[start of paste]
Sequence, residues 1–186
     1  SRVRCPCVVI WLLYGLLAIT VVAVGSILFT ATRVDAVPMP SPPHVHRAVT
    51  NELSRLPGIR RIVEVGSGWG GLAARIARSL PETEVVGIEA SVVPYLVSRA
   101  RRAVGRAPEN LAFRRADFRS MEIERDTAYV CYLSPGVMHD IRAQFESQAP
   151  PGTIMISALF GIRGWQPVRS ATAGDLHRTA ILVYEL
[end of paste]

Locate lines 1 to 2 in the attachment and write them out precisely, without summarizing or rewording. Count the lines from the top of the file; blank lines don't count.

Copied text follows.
Sequence, residues 1–186
     1  SRVRCPCVVI WLLYGLLAIT VVAVGSILFT ATRVDAVPMP SPPHVHRAVT